Úna O Boyle
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Úna O Boyle

Úna O’Boyle is perhaps best known for her work with ambient-trance-dance band Hyper[borea] – a duo consisting of “haunting, evocative, Gaelic vocals”….”in a blurry miasma of bizarre sounds, weird grooves and achingly beautiful vocal performances” – Olaf Tyaransen, Hot Press. In 1997 she received a Heineken/Hot Press Music Award and has released four albums and an EP with her most recent release “Gaelactica” receiving much critical acclaim. “A stunning performance of O’Boyle” writes an Irish Times review of her performance with Hyper[Borea] in Whelans last year, who “wove a spell visually and vocally”.
During this time Úna has been writing and developing her own solo sound. Songs such as Fish Don’t Sigh, Síocháin, Frozen (Deamora), and Infectious are already well known around Ireland’s more acoustic venues. While working diligently on the developing sound of Hyper[Borea] Úna O Boyle has been exploring her own highly original solo work attracting curiousity from songwriters across the globe for her ingenious songwriting and performing talents. Tony-Clayton Lee of the Irish Times proclaims her to be “ a potential star in the making” and "one of the more intriguing music propositions doing the rounds." Songs from piano classics to magical mystery world to good ole fashioned pop bring you to the several different worlds in which Úna delves.
Úna’s music consists of lyrical mind journeys, melodies-to-die-for with piano and hypnotic percussive accompaniment and soundscapes designed to gently penetrate your skull.

Úna O Boyle / Louise Taylor
Cobblestone, Dublin
Tony Clayton-Lea – Irish Times
Tuesday, March 21st, 2006
Louise Taylor is one of those constantly touring musicians and singer-songwriters who turn up at your small pub / venue doorstep every year or so with a batch of tunes that make you wonder why she isn’t more successful.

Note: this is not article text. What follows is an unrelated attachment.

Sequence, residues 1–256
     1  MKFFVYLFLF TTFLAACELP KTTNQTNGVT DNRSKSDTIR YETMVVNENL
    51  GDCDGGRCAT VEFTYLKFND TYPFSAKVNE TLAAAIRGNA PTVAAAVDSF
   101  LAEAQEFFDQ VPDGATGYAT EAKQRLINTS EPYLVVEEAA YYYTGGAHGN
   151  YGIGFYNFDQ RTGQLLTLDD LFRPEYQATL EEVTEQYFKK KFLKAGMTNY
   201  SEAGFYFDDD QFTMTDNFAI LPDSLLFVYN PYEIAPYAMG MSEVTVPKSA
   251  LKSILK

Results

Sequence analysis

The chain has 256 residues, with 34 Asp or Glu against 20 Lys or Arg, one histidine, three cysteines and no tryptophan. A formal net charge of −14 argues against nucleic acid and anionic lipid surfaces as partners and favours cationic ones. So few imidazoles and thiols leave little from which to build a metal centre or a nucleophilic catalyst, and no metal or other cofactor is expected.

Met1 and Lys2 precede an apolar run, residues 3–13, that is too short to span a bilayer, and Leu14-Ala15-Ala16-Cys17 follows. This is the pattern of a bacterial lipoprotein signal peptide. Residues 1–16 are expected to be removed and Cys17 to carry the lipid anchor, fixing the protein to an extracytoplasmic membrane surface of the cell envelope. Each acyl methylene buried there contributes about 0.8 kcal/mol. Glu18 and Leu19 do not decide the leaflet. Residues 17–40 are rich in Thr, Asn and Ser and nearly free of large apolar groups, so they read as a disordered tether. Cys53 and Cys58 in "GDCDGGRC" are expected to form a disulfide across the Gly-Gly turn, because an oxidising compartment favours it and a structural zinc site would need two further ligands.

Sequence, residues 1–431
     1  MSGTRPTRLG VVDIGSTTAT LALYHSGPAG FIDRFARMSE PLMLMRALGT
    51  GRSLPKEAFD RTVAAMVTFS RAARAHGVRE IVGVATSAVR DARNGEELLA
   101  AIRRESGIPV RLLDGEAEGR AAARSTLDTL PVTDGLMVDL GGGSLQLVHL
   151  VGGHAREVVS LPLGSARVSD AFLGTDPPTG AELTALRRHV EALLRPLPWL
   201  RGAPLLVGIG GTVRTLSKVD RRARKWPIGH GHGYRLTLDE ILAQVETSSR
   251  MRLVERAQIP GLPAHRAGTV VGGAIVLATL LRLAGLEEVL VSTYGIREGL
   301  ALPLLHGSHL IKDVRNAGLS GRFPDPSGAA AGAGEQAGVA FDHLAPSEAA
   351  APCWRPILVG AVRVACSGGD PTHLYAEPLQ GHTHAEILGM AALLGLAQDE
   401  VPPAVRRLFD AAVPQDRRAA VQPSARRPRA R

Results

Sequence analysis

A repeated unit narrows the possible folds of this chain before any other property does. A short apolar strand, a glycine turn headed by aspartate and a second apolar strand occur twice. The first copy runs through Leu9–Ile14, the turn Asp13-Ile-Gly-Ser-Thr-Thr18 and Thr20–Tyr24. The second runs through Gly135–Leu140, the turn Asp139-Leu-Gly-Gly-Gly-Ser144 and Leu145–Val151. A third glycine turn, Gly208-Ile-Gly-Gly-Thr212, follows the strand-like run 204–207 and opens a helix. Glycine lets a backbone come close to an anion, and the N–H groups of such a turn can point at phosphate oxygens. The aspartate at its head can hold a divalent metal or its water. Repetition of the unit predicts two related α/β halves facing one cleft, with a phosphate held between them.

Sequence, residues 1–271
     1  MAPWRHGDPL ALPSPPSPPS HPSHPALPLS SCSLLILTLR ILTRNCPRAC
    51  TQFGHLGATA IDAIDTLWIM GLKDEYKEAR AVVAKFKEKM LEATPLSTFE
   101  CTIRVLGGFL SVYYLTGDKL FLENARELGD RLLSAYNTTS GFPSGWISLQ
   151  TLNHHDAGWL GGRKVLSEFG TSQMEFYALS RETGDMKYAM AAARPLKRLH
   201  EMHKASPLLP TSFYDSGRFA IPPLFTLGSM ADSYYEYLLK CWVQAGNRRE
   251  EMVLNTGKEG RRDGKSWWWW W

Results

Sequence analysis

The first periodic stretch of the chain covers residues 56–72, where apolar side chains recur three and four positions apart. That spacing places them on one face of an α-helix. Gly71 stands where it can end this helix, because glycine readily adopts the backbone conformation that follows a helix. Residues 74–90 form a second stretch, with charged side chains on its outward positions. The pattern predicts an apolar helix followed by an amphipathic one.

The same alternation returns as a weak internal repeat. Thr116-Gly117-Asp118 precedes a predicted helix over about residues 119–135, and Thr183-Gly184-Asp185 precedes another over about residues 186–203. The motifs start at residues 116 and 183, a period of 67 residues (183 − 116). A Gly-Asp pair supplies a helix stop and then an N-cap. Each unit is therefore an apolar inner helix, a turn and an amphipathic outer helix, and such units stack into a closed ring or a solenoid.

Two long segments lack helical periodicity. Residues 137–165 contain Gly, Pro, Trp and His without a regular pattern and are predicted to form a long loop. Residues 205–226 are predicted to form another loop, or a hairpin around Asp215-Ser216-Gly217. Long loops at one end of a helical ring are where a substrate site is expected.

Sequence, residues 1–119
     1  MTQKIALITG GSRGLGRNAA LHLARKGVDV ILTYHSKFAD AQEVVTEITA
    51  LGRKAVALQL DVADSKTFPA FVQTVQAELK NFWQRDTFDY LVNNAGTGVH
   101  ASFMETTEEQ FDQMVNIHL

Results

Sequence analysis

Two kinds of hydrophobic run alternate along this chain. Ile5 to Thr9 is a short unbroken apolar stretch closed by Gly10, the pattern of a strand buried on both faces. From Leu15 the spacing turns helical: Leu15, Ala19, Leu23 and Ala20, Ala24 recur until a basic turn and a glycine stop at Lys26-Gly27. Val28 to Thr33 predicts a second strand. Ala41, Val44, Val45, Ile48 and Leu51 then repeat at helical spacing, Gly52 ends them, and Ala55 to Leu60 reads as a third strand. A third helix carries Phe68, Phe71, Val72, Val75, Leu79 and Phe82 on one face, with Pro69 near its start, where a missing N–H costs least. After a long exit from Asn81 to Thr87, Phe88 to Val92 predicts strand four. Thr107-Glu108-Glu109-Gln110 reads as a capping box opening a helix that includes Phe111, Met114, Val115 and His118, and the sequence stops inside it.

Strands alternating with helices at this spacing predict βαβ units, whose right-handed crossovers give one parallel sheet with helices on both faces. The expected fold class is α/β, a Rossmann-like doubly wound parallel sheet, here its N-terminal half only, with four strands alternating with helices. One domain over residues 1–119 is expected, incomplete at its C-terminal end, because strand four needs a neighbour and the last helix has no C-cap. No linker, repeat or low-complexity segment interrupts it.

The Arkansas-based performer has a way with contemporary blues/roots melodies that insinuate their way into your head, leaving you at the close of the gig with memories of casually but precisely picked acoustic guitar work and lyrics that deal with alienation, relocation, dead skunks, and one or two failed relationships.
Taylor was nominal support to Una O’Boyle, an Irish singer and songwriter who was once a member of the acclaimed and innovative chill-out/dance act, Hyper[Borea]. Since then she has operated so much under the music industry radar that to all intents and purposes it would seem she had disappeared from view. Not so, as her irregular headline slots around Dublin’s more intimate music establishments prove.
O’Boyle (accompanied by her sister Grainne on keyboards, and Paul Moore on upright bass) cuts a lean figure on stage, part rock chick, part will-o’-the wisp thespian. It’s a commanding presence invested with a quirky sense of humour, some quite strange between song comments, and some of the most compelling songs you’ll hear this or any other year.
The reference points are ever so slightly left of centre – Jane Siberry, Rosie Thomas, Laurie Anderson, et all – but O’Boyle’s songs are straight down the line; they undercut the references by being very much a product of her own vision, which seems to be refracted by an array of suitably curious influences.
We’ve no idea whether a solo record is imminent or, indeed, whether O’Boyle will be playing many (or any) gigs in the future. You’d be advised, though, to keep an eye out for sightings of this extremely talented, under publicised and utterly captivating singer.